MANILA, Philippines (The Adobo Chronicles, Manila Bureau) – This article has nothing to do with WHO — the World Health Organization, but rather with the question “Who?”
Yes, we’re asking a question: whether Filipino gossip mongers (called tsismosos and tsismosas in the local language) are more prone to Covid-19.
Well, according to some analysis of how Japan dealt with the coronavirus, it is said that Japanese speakers emit fewer virus-laden droplets when talking, compared to other languages.
It is a well-known fact that Filipino gossip mongers like to whisper into your face, or amplify their gossip and laughter like a loud speaker — both of which could emit large volumes of droplets that may contain the dreaded coronavirus. Even face masks are rendered ineffective in blocking the contamination.
Taking his cue from the Japanese experience, Department of Health Secretary Francisco Duque advised Filipinos and Filipinas to refrain from gossiping during this period of community quarantine when most home-bound people are more likely to talk about their next-door neighbors.
Avoid coronavirus infection. Refrain from gossip. You’ll contribute greatly to stopping the virus’ second wave!
BAGUIO CITY, Philippines (The Adobo Chronicles, Baguio Bureau) –It’s been over 40 days since the government put in place an Enhanced Community Quarantine (ECQ) throughout the entire island of Luzon.
You’ve scrubbed all your pots and pans, your toilet is squeaky clean, your closet has been organized in a way it has never been before in your entire life. So what is left to do to while away the remaining hours and days of your home confinement?
In the interest of public service, The Adobo Chronicles is sharing this to-do list put together by our home and social experts to keep you from losing your otherwise elite composure, or your sanity during this period of ECQ:
- Remember your collection of torn denim pants? They’ll probably go out of fashion when this Covid-19 crisis is over. Patch them all up. It’ll lessen entry points for the virus.
- While you’re at it, sew up all the holes in your pairs of socks.
- Time to clean up the molds on your collection of shoes!
- You may have missed cleaning the Last Supper painting and giant spoon and fork woodcarving hanging on your wall. Dust them up!
- You’ve been receiving tons of Facebook friend request lately, haven’t you? Accept them all — common friend or no common friend — then go back and unfriend them one by one. Then repeat.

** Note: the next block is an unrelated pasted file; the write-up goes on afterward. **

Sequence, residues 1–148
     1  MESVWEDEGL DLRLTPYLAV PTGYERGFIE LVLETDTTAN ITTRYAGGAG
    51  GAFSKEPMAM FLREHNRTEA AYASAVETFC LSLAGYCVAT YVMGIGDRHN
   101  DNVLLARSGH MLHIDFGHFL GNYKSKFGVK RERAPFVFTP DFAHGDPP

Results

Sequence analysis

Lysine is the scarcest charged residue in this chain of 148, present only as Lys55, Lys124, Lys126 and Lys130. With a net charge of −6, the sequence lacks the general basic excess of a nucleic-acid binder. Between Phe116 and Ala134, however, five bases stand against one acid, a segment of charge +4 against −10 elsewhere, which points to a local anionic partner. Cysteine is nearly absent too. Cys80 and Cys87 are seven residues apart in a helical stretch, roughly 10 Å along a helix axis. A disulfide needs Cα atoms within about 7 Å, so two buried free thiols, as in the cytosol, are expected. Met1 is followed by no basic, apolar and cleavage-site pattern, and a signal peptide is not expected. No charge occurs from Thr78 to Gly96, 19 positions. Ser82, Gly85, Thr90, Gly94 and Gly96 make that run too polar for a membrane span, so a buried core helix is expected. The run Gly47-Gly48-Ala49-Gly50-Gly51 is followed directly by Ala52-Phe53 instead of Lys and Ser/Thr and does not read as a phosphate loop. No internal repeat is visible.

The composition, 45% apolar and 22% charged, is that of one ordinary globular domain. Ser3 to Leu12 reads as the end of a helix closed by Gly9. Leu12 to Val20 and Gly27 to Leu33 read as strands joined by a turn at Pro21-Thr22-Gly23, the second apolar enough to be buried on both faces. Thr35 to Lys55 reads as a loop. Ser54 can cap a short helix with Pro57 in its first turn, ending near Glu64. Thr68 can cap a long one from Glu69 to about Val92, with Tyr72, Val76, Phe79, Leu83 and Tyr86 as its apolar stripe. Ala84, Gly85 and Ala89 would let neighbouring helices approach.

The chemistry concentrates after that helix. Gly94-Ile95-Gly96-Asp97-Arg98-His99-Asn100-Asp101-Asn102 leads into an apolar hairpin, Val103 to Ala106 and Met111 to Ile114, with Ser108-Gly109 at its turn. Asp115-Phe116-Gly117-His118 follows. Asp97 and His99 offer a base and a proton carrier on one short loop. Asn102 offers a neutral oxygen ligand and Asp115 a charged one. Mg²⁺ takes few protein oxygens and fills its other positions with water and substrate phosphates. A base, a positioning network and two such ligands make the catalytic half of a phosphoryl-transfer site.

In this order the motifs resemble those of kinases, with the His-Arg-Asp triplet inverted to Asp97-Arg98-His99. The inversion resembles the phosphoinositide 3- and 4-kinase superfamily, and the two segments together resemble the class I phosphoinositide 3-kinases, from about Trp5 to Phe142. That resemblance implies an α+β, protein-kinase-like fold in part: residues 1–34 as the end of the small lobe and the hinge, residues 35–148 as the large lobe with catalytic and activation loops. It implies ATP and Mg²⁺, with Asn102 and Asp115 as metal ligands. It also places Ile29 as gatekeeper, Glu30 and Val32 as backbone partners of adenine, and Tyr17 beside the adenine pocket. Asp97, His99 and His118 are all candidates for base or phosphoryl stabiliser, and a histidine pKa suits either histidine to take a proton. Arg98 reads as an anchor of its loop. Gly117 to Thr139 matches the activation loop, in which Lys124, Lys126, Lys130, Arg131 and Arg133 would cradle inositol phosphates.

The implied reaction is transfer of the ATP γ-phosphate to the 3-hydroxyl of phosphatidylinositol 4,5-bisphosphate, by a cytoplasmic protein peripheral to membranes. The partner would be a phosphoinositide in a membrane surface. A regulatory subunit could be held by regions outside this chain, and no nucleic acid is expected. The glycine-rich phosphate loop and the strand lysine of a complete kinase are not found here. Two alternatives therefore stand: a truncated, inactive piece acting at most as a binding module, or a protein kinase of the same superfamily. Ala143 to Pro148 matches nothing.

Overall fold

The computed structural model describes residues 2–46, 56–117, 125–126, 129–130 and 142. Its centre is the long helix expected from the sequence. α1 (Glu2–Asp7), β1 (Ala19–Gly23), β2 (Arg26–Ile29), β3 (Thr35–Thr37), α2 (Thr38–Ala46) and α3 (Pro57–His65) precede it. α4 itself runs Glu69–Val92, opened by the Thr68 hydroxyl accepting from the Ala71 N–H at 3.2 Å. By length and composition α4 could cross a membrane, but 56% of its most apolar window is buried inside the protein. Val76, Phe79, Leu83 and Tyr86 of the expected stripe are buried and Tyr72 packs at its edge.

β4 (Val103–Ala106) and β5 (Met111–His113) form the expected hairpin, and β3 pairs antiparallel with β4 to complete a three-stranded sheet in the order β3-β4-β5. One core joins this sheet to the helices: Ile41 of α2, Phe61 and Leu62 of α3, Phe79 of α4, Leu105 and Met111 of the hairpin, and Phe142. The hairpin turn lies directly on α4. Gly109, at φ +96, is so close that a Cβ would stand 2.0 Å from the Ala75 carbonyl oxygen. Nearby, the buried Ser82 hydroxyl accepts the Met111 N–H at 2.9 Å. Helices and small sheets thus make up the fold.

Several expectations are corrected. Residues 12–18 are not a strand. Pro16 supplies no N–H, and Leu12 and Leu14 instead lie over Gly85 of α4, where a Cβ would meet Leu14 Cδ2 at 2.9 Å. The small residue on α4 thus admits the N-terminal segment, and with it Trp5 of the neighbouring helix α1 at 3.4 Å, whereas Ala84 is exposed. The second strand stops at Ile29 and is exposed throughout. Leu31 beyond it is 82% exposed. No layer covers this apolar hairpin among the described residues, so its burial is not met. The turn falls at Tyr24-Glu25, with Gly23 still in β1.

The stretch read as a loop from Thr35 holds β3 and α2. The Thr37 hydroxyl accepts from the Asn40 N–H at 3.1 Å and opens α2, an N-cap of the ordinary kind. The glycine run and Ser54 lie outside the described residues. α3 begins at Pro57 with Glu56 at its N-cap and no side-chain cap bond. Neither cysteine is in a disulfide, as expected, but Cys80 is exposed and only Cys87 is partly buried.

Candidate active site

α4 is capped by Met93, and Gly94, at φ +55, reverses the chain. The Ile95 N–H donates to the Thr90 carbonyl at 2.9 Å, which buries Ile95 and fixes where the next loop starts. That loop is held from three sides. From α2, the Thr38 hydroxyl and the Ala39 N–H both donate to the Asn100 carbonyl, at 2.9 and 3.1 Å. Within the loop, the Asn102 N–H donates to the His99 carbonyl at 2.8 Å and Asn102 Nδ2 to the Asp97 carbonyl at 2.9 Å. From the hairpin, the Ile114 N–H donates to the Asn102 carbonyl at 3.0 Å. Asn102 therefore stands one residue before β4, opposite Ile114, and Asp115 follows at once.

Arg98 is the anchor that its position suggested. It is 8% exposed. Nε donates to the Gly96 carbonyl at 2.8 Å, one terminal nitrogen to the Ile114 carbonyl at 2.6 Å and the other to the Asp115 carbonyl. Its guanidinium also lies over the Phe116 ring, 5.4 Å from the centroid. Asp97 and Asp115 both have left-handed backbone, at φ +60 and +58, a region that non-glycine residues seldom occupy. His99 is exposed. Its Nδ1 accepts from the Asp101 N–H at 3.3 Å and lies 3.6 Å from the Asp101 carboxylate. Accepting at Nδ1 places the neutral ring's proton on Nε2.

- It’s time to delete all those embarrassing photos of yourself that you have posted on your Facebook page.
- Now is a good time to check the expiry dates of the cans and cans of sardines, pork and beans, and soups in your cupboard. And don’t forget the cartons of orange juice and milk in your fridge!
- Haven’t you had enough collection of empty cardboard and styrofoam boxes you saved from your takeout meals? You know what to do. And don’t forget your collection of used plastic spoons and forks.
- You’ve had the plastic covering on your couch and dining chairs long enough. Discard them! They may be harboring unwanted viruses and bacteria!
- How many jars of spare coins do you have sitting on top of your credenza? Roll them up by denomination and give them to the homeless. They especially need them in this time of crisis.
- When was the last time you gave your Shih Tzu a bath?
Do you have other suggested activities? Let us know in the comments section. We’re in this together. We heal as one!
QUEZON CITY, Philippines (The Adobo Chronicles, Quezon City Bureau) – In a post on her Facebook page, Philippine Vice President Leni Robredo called on Filipino “industrial designers, fashion designers, Architects, engineers etc. to come up with alternative designs for PPEs with readily available materials which can be produced and sourced locally.”
”Of course, the requirement is it would still offer the same amount of protection.” she added.
Robredo made the call in the midst of what she described as the short supply of protective gear that would shield Filipinos from the threat of COVID-19.
Within just a just a few hours after her post, the Office of the Vice President received dozens of samples of locally-designed face masks made of rattan, bamboo, capiz shells, narra wood and coconut husks.
The OVP said Robredo was very impressed with the ingenuity of the designers who responded to her appeal.